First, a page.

► Developing a citywide strategy and vision for education in Kansas City
The city benefits from having many nonprofits, an active faith community, several local foundations, and civic leaders that are all invested in and working to improve education and the lives of youth and families. However, stakeholders agree that there is no shared strategy for improvement, vision for education, or common set of goals to work toward. Better communication and collaboration is required from those working on behalf of the city’s schools, including district and civic leaders, local authorizers and charter networks, nonprofits, the faith community, and local businesses. KCPS’ superintendent has expressed more openness than his predecessors to working with charter leaders, but finding common ground has been challenging. One possibility is working together to ensure Kansas City schools are represented in state-level conversations about accountability and funding. As education and civic leaders address system-wide issues, school leaders across (and within) the district and charter sectors should share good practices and solutions to common problems. A few charters have collaborated to share transportation costs out of necessity, a practice other charters could replicate to resolve expensive busing or other issues.
► Helping families learn about their options and choose best-fit schools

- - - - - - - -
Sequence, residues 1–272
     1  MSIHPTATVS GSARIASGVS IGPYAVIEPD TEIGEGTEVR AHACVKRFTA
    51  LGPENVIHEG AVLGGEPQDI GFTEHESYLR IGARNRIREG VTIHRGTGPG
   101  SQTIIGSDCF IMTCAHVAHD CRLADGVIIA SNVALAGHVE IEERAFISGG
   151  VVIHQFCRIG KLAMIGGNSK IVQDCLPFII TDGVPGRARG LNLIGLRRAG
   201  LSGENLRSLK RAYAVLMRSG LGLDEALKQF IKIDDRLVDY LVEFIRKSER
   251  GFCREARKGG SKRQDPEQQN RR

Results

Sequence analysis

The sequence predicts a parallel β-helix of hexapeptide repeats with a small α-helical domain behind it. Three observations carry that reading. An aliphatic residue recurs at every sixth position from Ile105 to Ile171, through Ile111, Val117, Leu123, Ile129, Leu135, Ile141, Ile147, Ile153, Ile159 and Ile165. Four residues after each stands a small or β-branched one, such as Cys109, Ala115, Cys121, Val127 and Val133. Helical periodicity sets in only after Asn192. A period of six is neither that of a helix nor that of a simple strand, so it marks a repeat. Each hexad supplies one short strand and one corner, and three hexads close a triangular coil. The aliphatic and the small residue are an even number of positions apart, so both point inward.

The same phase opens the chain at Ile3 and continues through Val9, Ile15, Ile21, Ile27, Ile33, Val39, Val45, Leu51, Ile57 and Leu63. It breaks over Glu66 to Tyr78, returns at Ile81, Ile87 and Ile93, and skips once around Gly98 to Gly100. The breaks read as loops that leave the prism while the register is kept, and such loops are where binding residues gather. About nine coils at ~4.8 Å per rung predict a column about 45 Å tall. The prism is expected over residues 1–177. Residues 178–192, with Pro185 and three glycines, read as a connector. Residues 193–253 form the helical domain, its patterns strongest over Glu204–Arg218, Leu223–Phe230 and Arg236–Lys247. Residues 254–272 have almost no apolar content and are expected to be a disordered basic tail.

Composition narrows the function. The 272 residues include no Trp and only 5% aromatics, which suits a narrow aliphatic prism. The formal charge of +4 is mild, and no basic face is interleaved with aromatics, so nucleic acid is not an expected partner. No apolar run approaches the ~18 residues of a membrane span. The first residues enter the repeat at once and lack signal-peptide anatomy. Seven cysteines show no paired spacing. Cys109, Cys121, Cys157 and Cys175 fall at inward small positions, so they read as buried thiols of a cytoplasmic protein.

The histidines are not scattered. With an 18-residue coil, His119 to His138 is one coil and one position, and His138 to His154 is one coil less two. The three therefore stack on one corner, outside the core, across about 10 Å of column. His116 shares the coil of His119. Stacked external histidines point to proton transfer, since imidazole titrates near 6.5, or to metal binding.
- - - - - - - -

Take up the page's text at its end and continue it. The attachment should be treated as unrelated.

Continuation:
Enrollment in Kansas City has stabilized and is slowly growing after years of decline. But to retain existing families and attract new ones, education leaders must further simplify enrollment procedures and help families find good options. The city may not be ready to unify enrollment across charter and district schools, but education leaders can take steps to streamline processes within each sector. The district took a positive step forward in implementing online-only enrollment and aligning the timelines for applying to its Signature Schools (specialized schools with enrollment requirements) for the 2017-18 school year, but information about applying to these schools remains confusing. Four Kansas City charter schools accept the KC Central Application, a common form that enables families to apply to some or all of these schools using one application, and several charters offer online enrollment. These solutions simplify enrollment for some families, but the majority of Kansas City charters have their own processes and timelines that don’t align with one another and the district. Show Me KC Schools, a local nonprofit that maintains an online and printed school guide and organizes school tours and enrollment fairs, also began providing one-on-one navigation services to 50 families seeking schools for the 2018-19 year, with plans to increase capacity. Their work reaches many families, but other organizations, as well as leaders in both sectors, could do more to help families—especially the city’s most underresourced families—navigate the choice process. Simplifying the enrollment process could also improve equitable access to good options while education leaders work to improve quality citywide.